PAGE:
Ed Paschke Art Center, Chicago

Ed Paschke’s Art Finds a New Home in His Old Neighborhood

Ed Paschke Art Center

5415 W. Higgins Ave., Chicago

Admission free

Hours 10am-7pm daily


The work of a Chicago artist who won national and international fame is settled in at a small museum on the far northwest side of Chicago, the neighborhood where he grew up.

Ed Paschke, whose vividly colored and brilliantly grotesque paintings are part of the collections of major American and European museums, grew up the son of Polish immigrant parents in Jefferson Park and lived there much of his life. The new museum dedicated to his work is the Ed Paschke Art Center at 5415 W. Higgins Ave. in Jefferson Park.

The center, which opened in June, exhibits about 40 Paschke works—mostly paintings (oil on linen), but also prints and colograms (a digital photographic process that results in a 3D-like effect). His Howard Street studio, where he worked from 1980 until his death in 2004, is meticulously recreated. In addition, a 30-minute video runs continuously, showing Paschke working, talking about how he works, and teaching a class of art students at Northwestern University. The video is well done and worth watching for insights into the work and life of this inventive and articulate artist.

Paschke’s imagery often reflects confrontation, violence, sex and garishly hued scenes from the underbelly of society…the underbelly of diverse Chicago life he liked to observe from his Howard Street studio. Many of his works are portraits of characters like “Accordion Man” or “Four Se,” shown here, or “Red Buddha” or “MJ II,” a portrait of Michael Jordan’s perfect bald head. See the website gallery for more examples of his work.

Paschke once said of his art, people “either love it or hate it but rarely are they indifferent to it.”

His artist father was an influence and Paschke also has said he was influenced by Disney animation and cartoons. He earned a BFA and an MFA at the School of the Art Institute of Chicago, where he became part of a group of artists known as the Chicago Imagists or the Hairy Who. Paschke was known to be a generous educator, mentor and supporter of other artists. He also believed that his art should be easily accessible to the public.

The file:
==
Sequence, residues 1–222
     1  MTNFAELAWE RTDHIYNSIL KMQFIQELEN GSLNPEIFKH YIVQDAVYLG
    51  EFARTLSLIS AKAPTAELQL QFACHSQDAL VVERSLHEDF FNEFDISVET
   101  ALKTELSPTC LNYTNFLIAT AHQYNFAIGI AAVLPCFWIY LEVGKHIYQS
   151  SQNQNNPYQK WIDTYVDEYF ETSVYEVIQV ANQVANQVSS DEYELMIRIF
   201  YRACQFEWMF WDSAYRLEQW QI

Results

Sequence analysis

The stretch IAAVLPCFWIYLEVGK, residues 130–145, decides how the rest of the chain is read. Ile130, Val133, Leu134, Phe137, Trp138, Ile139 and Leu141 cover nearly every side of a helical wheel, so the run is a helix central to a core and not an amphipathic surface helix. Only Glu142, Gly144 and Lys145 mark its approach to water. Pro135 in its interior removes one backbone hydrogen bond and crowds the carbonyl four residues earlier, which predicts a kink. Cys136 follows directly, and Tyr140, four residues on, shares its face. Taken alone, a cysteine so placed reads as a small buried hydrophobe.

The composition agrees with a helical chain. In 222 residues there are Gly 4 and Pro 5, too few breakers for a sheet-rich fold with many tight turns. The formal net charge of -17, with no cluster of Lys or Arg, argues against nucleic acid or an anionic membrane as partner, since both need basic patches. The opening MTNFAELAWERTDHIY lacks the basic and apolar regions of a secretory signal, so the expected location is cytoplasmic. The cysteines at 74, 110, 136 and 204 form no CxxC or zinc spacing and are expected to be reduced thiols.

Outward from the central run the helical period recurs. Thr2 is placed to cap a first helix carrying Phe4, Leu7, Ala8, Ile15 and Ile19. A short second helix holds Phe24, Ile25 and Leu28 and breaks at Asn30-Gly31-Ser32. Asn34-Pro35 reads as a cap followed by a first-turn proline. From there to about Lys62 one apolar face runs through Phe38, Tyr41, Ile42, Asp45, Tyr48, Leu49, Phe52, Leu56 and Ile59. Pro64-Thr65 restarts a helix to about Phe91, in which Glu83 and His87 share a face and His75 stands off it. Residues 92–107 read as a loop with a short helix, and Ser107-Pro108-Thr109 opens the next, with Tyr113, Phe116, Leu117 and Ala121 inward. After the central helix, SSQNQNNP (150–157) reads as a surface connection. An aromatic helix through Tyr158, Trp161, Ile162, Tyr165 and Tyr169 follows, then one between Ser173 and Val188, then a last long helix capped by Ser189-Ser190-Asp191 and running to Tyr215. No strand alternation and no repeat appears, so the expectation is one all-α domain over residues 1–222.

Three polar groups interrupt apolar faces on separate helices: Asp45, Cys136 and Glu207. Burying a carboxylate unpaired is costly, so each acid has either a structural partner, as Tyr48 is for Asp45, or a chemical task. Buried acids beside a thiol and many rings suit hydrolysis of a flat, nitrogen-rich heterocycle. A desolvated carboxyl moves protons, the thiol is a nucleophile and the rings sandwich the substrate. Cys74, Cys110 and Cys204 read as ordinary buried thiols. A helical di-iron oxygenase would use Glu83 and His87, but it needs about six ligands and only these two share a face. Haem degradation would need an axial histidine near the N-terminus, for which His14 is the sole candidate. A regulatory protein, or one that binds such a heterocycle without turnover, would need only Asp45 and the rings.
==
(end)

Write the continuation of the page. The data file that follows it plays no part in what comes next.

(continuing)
The museum is located in a renovated building with 2,800 square feet of gallery space and 1,700 square feet of educational space. The Ed Paschke Foundation, which operates the center, plans an artist-in-residence program. The first events planned are an exhibit of Paul Natkin photography and an exhibit by photographer Steve Schapiro, titled Andy Warhol, Lou Reed and the Velvet Underground. The Rabb Family Foundation is the major funder of the art center.

Paschke’s works are owned by museums including the Museum of Modern Art, the Whitney Museum of American Art and the Metropolitan Museum of Art in New York, The Art Institute of Chicago, the Hirshhorn Museum and Sculpture Garden in Washington D.C., and the Centre George Pompidou and the Louvre Museum in Paris.

The Ed Paschke Art Center at 5415 W. Higgins Ave, Chicago, is open 10am to 7pm daily; admission is free. The center is about 10 miles northwest of the Chicago Loop and a short walk from the Jefferson Park Blue Line station. For more information, call 312-533-4911 or visit edpaschke.org.

This article was previously posted on gapersblock.com/ac/



link to film review of Hairy Who


link to gallery of Paschke images:



Chicago ,
Nancy is editor and publisher of Third Coast Review a Chicago arts and culture website, where she writes on theater, film, art and lit. She is a 2014 fellow of the National Critics Institute at the Eugene O’Neill Theater Center. You can find her personal writings on pop culture of all types at nancybishopsjournal.com. Nancy, recently retired after 30+ years in corporate marketing and PR, holds a B.J. from the University of Missouri and an M.A. in communications and design from Northern Illinois University. Follow her on Twitter @nsbishop. Author website: http://thirdcoastreview.com/